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The hotel now serves many functions as a hotel, conference centre, wedding location and plenty more. There are 70 bedrooms with all the luxurious modern amenities jostling with the old as in some of the suites with their four poster beds. The hotel has its own private car park which is very important in Windsor, especially in the summer.
Strok's Restaurant is named after a famous Croatian racing driver who has sunk a small fortune into the hotel to make it one of the top hotels in the Thames Valley. This is not a bad place at all for a weekend break because the hotel has its own boat which enables guests to take champagne cruises on the Thames for anything from 1/2 hour to a four hour mini-cruise. What better way could there be than to spend a summer afternoon with a bottle of champagne cruising up to Taplow, or even farther?
The chef Phillip Wild lives up to his name with his fiery temperament but his loyal brigade produces food with a flair and fusion style that comes as a very pleasant surprise given the lack of publicity or awards which must be at least partly the result of its Windsor location. It must be hard to keep a team together when high quality food goes unrewarded by the various authorities, but the staff all have faith in Wild and what he is working very hard to achieve. The restaurant also has a young French sommelier from Normandy who is knowledgeable almost to the point of obsession. I imagine it will be difficult for the Christopher Wren to hold on to him, as he is almost certainly going to be tempted away by a larger hotel or more well known restaurant in the future.
I was dining with my wife and the mother of a mutual friend, who just happened to be staying at the hotel that evening, on a surprisingly quiet Friday night. We started off with a small appetizer of marinated tuna with spicy couscous. Very cold and savoury, providing an ideal start to the meal. Modern jazz music kept the atmosphere ticking along in a dining room very spacious and conducive to fine dining. The breads were a little disappointing - I discovered that they have no bread baking facility in house, but there are plans to remedy this situation. The starter of seared scallops with parma ham and celeriac on a crispy base was, however, in a different class and typical of the chef's innovative fusion style and attractive presentation with its hints of Californian influence. Scallops need a medium dry white and some Pouilly-Fuisse from the 1997 vintage was a good selection.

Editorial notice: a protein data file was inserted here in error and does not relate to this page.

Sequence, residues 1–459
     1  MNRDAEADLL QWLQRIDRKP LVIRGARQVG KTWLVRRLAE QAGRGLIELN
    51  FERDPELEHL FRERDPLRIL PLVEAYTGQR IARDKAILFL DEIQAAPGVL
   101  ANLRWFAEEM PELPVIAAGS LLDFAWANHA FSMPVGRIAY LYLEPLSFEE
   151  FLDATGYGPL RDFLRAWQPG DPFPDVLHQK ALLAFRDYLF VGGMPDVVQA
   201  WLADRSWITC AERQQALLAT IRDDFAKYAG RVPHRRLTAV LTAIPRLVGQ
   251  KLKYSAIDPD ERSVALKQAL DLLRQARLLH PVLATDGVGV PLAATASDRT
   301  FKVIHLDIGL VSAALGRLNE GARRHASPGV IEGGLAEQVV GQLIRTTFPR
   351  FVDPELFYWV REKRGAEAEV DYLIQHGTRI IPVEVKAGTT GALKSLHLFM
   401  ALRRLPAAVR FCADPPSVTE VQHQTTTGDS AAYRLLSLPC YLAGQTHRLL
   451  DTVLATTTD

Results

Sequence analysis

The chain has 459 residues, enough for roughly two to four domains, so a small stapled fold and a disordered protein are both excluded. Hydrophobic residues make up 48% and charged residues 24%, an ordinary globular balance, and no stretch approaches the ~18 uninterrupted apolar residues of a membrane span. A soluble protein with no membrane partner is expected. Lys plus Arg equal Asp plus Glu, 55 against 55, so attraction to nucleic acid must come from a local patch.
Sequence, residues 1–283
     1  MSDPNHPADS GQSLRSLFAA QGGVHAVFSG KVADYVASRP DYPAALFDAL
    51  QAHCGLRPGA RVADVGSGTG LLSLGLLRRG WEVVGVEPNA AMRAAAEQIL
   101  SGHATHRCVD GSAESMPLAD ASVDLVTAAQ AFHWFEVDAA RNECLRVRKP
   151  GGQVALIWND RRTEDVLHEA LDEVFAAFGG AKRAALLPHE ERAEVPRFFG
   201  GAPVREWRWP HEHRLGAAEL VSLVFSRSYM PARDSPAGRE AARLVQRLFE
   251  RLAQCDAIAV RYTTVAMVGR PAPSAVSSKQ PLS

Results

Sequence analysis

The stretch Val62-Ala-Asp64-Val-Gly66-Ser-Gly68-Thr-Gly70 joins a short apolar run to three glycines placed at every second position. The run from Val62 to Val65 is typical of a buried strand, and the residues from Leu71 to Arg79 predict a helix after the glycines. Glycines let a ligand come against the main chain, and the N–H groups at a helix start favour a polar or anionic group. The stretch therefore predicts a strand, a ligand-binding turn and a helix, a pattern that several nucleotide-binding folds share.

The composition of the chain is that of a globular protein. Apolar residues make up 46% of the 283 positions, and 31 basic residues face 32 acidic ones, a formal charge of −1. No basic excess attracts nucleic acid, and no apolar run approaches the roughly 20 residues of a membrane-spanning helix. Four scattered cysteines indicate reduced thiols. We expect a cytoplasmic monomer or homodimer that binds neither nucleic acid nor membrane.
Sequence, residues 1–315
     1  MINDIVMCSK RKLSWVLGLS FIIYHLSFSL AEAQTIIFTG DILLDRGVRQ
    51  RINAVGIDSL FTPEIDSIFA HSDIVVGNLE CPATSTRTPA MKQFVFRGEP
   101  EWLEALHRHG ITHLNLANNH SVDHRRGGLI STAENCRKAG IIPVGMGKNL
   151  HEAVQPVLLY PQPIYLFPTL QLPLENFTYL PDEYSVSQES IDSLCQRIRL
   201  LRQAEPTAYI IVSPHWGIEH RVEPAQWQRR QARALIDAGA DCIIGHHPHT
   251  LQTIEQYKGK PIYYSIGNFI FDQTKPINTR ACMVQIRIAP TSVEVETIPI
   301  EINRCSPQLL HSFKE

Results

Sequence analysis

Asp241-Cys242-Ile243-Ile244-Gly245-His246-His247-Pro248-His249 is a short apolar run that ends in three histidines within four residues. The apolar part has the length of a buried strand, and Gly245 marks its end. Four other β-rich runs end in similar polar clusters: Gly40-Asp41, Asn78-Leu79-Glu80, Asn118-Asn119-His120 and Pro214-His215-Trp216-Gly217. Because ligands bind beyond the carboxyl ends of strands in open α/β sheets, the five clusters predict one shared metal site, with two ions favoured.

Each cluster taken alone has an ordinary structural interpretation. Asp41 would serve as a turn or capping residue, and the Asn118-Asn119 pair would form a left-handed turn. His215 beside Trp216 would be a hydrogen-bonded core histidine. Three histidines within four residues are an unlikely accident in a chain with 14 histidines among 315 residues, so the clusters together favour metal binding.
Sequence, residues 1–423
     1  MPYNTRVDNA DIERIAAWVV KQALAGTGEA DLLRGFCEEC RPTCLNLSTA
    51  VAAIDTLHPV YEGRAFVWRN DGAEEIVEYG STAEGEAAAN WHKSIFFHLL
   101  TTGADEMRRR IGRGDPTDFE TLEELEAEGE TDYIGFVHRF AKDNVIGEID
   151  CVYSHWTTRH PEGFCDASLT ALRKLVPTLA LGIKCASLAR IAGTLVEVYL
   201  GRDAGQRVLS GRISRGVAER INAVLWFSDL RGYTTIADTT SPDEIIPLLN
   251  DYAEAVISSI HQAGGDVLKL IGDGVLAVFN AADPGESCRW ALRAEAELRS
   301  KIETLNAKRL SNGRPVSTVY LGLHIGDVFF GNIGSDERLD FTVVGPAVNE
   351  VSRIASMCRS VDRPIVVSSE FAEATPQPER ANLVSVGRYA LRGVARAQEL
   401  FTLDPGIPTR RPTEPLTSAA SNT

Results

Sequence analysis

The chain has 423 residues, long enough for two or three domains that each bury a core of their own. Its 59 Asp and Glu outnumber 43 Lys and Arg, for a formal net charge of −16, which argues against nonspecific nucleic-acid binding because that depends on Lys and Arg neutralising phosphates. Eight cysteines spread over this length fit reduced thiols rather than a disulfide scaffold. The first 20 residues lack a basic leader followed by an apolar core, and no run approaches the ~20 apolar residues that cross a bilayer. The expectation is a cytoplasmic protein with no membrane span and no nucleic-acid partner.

After the impression made by the scallop dish, we were all excited about the main courses which were Venison, Lamb and Monkfish. My Baked Saddle of Venison with a Herb Crust, pickled pears and roasted parsnips (£16.95) came in a simple but perfectly blended sauce. This has to be the way I would prefer to eat venison in future as I've found it to be a bland and uninspiring dish in the wrong hands, but the herb crust somehow made it come alive.
One of my guests had lamb with foie gras, baby aubergines and a baby red bell pepper on top. This is a lady who has travelled all over the world and stayed in many hotels, and she claimed it was the best lamb she had ever had. I managed to try a bit before she polished it off, and its accompanying reduction of port wine sauce and madeira was delightful. The vegetables were cooked perfectly and the bell pepper was sheer inspiration. My wife enjoyed her favourite monk (of the fishy kind), on a bed of sweet potato risotto. I wonder if there's a nunfish for us chaps? Shallots, garlic and parmesan rounded out the dish which was not only tender and juicy but also quite substantial. We selected a different wine for the main course with the help of the Sommelier, a Vougeot Clos du Pierre 1995. There's a delicate balance of complexity and lightness about really good Burgundy that makes it such a versatile partner with both fish and meat.
Desserts looked interesting, especially the warm chocolate soup served with spiced bread and chocolate ice-cream. Very light and tasty and certainly different enough. My wife found her classic glazed lemon tart with citrus sorbet and a puree of fresh raspberries rather bland, but the selection of English cheeses including Celtic promise, Stilton, St.Andrews and Whitmore organic all went down well.
Windsor really is a great heritage destination: the castle is majestic and its beautiful Chapel of St George, is home to one of England's greatest chapel choirs, rivalling that of King's College, Cambridge. The boy choristers and gentlemen clerks can be heard singing choral evensong every day in term time. Eton, the sister college of King's, and location for so many recent costume drama films, is just across the river. Indeed, HM can wave from the castle terrace to her grandsons who are both pupils at the school, founded in the fifteenth century by King Henry Sixth.
It's nice to know that one does not necessarily have to rush off somewhere else to get a decent meal at the end of a perfect day.
Michael Hepworth April 1999
Sir Christopher Wren's House Hotel
Thames Street, Windsor, Berkshire SL4 1PX.
Tel 01753-861354 Fax 01753-860172 Average price of dinner per person £35.00
The hotel is a member of Grand Heritage Hotels
International reservations: +44(0) 171 244 6699 Fax 244 7799
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